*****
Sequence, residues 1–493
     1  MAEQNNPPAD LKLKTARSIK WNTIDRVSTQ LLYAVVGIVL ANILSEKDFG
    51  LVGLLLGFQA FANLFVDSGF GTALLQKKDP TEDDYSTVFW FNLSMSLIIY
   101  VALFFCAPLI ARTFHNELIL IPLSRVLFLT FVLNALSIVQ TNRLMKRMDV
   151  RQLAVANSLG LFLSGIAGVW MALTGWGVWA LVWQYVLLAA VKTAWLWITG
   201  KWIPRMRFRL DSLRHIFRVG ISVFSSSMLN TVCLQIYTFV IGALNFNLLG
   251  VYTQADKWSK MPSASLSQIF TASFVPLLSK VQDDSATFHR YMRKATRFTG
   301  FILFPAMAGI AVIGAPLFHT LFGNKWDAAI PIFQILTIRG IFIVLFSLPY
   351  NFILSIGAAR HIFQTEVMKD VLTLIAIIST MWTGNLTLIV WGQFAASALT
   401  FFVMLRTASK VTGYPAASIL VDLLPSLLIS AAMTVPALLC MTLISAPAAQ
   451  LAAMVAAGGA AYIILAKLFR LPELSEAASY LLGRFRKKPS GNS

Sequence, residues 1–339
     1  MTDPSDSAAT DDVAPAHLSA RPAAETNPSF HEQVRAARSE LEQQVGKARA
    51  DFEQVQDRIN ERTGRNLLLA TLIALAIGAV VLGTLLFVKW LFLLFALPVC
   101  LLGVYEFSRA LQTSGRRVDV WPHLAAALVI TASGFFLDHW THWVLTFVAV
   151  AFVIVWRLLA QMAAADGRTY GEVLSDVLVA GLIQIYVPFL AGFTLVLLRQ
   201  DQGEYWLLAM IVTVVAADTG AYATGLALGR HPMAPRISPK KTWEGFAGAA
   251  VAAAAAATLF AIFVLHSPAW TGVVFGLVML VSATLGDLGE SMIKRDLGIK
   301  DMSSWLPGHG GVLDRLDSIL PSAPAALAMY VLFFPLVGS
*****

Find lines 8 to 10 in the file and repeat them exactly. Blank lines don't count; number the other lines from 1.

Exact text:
   301  FILFPAMAGI AVIGAPLFHT LFGNKWDAAI PIFQILTIRG IFIVLFSLPY
   351  NFILSIGAAR HIFQTEVMKD VLTLIAIIST MWTGNLTLIV WGQFAASALT
   401  FFVMLRTASK VTGYPAASIL VDLLPSLLIS AAMTVPALLC MTLISAPAAQ